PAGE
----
One of the things I really enjoyed about being a recruiter were those moments when I would call a candidate to tell them that we had an offer.
There would always be a slight pause as the news sank in, then a moment of sheer excitement, closely followed by gratitude … and quite often (not always!) a few days later the arrival of a card, bottle of wine, box of chocolates, or some token of their appreciation.
Sometimes I really miss those days!
Whilst in my business today we are still finding amazing talent for organisations all over the world, I am not the one actually making the call to a candidate to let them know they have an offer, and this means that I no longer hear the initial excitement in their voice.
When a friend of mine from Australia called me on Skype the other day to let me know that she’d been offered a new job, I was really happy for her.
Not only did I know that Betty was more than capable of taking on the challenges that came with the new position, but she really deserved the new role. She’d been strung along way too long in her old company and had been the victim of a typical case of “over promise and never deliver“.
While we were chatting I asked Betty when she was actually starting her new role.
“Tomorrow morning“, she said.
I was surprised. Although I’m over on the other side of the world, I realised that she was starting her new job on a Thursday.
“Who does that?” I thought to myself. And I wasn’t just thinking about it from the new employee’s perspective. I was also thinking about it from the perspective of the new employer. Why bring someone in for 2 days and then head into the weekend? Surely they wouldn’t remember everything you went over with them on the following Monday?
Betty must have seen the look of surprise on my face (even on Skype!), since she said “Thursday’s the best day to start a new job“.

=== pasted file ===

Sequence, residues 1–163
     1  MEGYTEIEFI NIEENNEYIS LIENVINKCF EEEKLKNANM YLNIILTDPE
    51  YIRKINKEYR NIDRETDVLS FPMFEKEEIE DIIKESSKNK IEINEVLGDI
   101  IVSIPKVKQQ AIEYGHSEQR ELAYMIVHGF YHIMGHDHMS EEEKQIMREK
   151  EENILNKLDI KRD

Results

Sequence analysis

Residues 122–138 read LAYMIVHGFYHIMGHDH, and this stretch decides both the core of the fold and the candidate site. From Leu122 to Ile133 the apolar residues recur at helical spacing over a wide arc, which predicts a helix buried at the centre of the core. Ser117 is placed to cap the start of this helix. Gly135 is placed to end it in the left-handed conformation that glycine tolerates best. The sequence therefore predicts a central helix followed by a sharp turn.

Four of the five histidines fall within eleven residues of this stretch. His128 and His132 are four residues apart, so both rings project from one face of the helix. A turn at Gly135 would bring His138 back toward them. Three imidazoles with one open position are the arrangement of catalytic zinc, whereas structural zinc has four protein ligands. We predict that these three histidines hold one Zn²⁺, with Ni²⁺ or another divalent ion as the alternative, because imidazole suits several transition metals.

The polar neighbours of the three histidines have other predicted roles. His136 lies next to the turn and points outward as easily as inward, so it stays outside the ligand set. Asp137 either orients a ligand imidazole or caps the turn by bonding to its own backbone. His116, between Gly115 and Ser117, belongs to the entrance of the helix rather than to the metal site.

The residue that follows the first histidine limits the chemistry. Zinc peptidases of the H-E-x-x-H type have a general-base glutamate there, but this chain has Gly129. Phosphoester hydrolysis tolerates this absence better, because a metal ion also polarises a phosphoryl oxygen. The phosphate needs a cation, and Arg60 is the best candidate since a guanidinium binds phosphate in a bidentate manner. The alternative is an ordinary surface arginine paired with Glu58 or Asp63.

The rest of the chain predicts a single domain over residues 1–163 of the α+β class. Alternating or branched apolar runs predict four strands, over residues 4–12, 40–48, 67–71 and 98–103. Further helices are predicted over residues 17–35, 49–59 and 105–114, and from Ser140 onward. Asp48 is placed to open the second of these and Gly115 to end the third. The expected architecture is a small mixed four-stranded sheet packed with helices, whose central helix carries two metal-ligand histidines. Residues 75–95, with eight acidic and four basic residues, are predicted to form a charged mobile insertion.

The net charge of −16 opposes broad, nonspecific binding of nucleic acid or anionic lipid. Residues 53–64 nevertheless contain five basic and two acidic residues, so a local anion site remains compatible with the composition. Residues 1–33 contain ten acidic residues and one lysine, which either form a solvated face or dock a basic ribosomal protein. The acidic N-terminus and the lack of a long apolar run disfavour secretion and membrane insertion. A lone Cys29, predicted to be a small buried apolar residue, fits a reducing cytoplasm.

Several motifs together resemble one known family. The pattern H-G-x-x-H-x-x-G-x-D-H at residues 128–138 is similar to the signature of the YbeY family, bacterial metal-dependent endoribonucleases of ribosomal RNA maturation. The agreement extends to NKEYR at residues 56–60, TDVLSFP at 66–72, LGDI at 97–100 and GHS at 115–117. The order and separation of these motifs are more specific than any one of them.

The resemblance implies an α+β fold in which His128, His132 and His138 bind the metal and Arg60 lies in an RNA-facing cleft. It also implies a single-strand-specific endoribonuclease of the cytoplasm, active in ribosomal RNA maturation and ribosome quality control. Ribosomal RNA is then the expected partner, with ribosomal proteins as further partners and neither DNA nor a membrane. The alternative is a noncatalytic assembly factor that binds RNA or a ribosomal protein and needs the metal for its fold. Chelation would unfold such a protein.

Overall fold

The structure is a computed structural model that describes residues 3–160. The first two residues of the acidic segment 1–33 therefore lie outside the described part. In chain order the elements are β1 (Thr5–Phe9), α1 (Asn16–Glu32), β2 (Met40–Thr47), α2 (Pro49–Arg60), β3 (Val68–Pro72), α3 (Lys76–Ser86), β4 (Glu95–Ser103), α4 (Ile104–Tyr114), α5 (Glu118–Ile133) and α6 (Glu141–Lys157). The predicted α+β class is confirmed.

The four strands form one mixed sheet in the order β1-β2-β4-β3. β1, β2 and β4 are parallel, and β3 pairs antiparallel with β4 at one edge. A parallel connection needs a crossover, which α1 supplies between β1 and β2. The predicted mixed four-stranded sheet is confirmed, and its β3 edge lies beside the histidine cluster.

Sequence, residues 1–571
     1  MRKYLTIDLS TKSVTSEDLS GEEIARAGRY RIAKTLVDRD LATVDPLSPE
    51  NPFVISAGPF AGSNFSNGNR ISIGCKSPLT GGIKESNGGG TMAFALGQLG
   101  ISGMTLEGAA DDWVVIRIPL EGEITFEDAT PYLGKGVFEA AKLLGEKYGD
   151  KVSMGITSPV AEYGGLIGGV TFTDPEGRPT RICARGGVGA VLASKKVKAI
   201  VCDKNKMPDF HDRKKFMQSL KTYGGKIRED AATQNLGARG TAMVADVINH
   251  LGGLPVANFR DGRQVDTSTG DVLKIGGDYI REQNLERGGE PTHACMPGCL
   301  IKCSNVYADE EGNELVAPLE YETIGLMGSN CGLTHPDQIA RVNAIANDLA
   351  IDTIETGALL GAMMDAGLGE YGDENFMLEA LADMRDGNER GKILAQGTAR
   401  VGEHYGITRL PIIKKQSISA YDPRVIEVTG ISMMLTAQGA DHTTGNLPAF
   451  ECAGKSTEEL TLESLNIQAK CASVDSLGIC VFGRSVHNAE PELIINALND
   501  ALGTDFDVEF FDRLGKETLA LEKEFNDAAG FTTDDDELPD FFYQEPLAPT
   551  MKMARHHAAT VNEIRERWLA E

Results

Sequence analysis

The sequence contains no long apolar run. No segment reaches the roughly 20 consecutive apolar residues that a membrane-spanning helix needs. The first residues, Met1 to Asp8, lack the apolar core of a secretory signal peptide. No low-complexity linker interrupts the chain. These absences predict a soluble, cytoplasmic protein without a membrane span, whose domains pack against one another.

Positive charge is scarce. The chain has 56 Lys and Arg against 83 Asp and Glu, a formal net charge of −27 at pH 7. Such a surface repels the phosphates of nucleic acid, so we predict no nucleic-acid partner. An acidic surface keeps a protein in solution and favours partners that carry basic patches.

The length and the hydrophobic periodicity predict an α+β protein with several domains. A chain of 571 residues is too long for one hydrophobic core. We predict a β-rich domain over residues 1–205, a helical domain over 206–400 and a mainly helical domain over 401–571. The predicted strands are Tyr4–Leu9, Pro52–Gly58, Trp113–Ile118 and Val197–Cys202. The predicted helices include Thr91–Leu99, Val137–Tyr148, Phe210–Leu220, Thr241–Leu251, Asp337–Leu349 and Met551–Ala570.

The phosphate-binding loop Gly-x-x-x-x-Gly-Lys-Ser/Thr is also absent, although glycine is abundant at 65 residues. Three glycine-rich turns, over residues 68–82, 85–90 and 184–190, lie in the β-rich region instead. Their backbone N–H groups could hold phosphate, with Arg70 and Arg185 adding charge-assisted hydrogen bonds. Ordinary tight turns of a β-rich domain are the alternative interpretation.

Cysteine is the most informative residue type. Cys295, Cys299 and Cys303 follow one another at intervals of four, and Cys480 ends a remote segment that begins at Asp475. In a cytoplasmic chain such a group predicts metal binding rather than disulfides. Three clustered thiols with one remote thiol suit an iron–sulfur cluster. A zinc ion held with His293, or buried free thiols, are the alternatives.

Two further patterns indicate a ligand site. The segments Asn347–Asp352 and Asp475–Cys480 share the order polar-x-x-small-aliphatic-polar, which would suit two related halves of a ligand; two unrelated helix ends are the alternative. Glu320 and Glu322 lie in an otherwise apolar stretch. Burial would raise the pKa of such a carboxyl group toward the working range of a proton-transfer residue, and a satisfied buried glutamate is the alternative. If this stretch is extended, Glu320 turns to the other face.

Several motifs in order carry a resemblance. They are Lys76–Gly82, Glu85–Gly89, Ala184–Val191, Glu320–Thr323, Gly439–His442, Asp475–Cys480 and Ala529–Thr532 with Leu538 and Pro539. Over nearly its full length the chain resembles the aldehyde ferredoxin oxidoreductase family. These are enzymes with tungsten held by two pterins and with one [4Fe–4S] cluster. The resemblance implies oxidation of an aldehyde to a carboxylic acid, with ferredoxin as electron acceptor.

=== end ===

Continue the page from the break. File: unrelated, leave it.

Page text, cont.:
Again I thought back to when I was a manager and I started thinking about pay cycles, partial weeks, leave accrual, induction programs, and I wondered where the logic was in bringing somebody new in on a Thursday.
But this wasn’t about bringing somebody new into a business. As it turned out Betty had specifically asked to start her new role on a Thursday.
“Think of it like this“, Betty said. “When you start a new job on a Monday, everyone’s grumpy. They’ve just come back in after a weekend. More often than not there are weekly kick off meetings taking place that you’d have absolutely no idea about if you had to sit in. People all around you will be suffering from some level of Monday-itis, and basically by the time you get through a full 5 days your brain is fried and you’ve suffered information overload“.
“But if you can start on a Thursday“, she continued … “people are far more relaxed. They will be more receptive to spending time with you, all the early and mid-week crises are over, and people are actually feeling good about the upcoming weekend. They’ll welcome you far more enthusiastically. Then you can have a weekend and really start afresh the following week. I know which option I would rather take.”
Maybe Betty was on to something.
Has Thursday become the new Monday when it comes to starting a new job?